Disabling injuries of the cervical spine in Argentine rugby over the last 20 years. (3/2270)

OBJECTIVE: To investigate the incidence and risk factors of disabling injuries to the cervical spine in rugby in Argentina. METHODS: A retrospective review of all cases reported to the Medical Committee of the Argentine Rugby Union (UAR) and Rugby Amistad Foundation was carried out including a follow up by phone. Cumulative binomial distribution, chi 2 test, Fisher test, and comparison of proportions were used to analyse relative incidence and risk of injury by position and by phase of play (Epi Info 6, Version 6.04a). RESULTS: Eighteen cases of disabling injury to the cervical spine were recorded from 1977 to 1997 (0.9 cases per year). The forwards (14 cases) were more prone to disabling injury of the cervical spine than the backs (four cases) (p = 0.03). Hookers (9/18) were at highest risk of injury (p < 0.01). The most frequent cervical injuries occurred at the 4th, 5th, and 6th vertebrae. Seventeen of the injuries occurred during match play. Set scrums were responsible for most of the injuries (11/18) but this was not statistically significant (p = 0.44). The mean age of the injured players was 22. Tetraplegia was initially found in all cases. Physical rehabilitation has been limited to the proximal muscles of the upper limbs, except for two cases of complete recovery. One death, on the seventh day after injury, was reported. CONCLUSIONS: The forwards suffered a higher number of injuries than the backs and this difference was statistically significant. The chance of injury for hookers was statistically higher than for the rest of the players and it was particularly linked to scrummaging. However, the number of injuries incurred in scrums was not statistically different from the number incurred in other phases of play.  (+info)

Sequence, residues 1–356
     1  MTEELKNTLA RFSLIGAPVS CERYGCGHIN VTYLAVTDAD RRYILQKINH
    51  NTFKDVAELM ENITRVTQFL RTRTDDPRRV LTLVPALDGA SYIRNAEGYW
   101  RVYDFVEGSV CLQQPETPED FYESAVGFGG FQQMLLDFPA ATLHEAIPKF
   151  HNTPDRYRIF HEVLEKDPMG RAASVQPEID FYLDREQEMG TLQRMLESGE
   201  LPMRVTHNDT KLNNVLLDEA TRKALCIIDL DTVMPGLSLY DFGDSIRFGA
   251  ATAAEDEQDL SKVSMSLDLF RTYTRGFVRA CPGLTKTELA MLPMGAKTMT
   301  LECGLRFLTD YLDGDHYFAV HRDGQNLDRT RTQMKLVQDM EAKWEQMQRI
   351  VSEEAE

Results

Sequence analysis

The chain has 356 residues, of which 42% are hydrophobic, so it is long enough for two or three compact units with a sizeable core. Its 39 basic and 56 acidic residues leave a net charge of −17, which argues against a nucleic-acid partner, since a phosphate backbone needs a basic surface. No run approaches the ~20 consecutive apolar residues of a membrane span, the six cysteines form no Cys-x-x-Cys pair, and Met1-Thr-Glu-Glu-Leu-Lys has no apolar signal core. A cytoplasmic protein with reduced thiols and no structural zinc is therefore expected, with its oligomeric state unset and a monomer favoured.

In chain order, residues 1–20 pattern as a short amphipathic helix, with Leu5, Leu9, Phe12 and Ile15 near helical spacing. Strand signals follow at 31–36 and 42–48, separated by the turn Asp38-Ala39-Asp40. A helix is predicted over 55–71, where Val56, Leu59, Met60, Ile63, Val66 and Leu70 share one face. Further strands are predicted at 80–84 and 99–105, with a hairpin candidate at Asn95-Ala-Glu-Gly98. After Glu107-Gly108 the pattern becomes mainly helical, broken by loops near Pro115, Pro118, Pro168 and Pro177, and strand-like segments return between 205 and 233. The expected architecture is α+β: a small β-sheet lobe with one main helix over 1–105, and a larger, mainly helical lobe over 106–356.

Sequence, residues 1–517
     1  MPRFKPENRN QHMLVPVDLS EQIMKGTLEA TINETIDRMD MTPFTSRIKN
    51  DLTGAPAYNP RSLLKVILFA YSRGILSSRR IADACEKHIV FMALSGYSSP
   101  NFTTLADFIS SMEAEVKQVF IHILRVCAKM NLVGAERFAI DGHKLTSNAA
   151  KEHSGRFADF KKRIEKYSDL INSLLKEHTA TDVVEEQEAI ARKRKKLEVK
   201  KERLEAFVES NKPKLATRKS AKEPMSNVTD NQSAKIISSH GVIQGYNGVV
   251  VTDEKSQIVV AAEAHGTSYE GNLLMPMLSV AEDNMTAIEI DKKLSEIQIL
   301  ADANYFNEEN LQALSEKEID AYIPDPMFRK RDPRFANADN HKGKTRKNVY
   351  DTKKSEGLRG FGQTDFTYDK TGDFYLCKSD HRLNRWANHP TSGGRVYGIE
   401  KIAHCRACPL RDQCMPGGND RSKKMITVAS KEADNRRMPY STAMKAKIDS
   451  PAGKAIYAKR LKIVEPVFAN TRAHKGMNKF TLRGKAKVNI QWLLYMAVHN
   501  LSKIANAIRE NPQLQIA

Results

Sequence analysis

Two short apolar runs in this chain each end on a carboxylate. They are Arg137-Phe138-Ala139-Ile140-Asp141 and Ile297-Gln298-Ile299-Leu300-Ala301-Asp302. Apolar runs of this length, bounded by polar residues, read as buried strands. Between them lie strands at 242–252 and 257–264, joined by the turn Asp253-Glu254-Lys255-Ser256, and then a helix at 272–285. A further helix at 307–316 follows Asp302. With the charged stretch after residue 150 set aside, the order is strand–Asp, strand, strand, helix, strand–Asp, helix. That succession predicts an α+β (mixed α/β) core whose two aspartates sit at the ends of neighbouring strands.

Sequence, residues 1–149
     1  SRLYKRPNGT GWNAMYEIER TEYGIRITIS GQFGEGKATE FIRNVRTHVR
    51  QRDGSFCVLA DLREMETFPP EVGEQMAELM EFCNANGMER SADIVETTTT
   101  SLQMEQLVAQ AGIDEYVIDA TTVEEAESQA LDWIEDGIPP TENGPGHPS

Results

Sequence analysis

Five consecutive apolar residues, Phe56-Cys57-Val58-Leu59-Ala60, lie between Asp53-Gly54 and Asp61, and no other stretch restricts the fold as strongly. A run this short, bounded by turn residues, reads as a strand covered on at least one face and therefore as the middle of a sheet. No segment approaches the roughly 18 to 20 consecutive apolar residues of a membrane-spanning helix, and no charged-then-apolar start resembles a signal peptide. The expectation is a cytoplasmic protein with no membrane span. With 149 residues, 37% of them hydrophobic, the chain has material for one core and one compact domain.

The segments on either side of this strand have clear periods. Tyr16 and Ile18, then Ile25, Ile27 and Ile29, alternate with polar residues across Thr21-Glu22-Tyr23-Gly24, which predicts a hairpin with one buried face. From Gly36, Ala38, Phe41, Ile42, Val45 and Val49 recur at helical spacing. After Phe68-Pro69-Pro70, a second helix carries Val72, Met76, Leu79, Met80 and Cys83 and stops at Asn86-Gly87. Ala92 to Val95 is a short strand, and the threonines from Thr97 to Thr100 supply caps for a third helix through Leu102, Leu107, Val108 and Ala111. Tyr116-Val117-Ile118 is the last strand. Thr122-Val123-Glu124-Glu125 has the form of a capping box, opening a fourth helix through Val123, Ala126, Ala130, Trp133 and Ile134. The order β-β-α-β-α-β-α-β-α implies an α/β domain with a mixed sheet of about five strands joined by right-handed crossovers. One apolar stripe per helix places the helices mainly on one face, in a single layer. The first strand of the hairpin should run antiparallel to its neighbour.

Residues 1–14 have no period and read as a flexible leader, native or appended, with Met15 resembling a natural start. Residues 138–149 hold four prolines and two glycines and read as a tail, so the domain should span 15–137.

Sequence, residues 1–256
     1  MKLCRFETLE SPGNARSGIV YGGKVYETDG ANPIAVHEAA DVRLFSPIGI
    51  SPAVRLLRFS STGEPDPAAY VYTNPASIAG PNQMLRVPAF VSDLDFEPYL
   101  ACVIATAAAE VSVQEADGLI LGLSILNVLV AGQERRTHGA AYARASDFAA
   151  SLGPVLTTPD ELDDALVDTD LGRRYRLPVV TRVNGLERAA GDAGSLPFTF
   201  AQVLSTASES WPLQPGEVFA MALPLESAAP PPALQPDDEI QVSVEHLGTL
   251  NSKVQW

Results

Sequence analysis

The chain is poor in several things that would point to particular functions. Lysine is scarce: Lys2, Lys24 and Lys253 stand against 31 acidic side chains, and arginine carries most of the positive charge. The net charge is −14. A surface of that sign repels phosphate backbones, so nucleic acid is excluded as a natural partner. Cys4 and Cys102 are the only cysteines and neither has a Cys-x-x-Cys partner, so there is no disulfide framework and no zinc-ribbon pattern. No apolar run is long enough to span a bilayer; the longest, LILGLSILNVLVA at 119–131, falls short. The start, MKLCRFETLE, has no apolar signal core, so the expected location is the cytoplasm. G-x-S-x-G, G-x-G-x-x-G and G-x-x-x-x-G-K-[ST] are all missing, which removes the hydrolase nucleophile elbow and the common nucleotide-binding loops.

Cluster headache-like attack as an opening symptom of a unilateral infarction of the cervical cord: persistent anaesthesia and dysaesthesia to cold stimuli. (4/2270)

A 54 year old man experienced excruciating left retro-orbital pain with lacrimation and redness of the eye representative of a cluster headache attack. This was followed by left hemiparesis with plegia of the lower limb and left Horner's syndrome. Five days later the hemiparesis recovered while the patient developed hypoanaesthesia to cold stimuli that evoked painful burning dysaesthesia on the right side below the C4 level. MRI disclosed a discrete infarct in the left lateral aspect of the cord at C2 level concomitant to a left vertebral artery thrombosis. This limited infarct and the clinical symptoms suggest a hypoperfusion in the peripheral arterial system of the left hemicord, supplied both by the anterior and posterior spinal arteries. Cluster headache-like attack and persistent dysaesthesia to cold stimuli are discussed respectively in view of the central sympathetic involvement and partial spinothalamic system dysfunction.  (+info)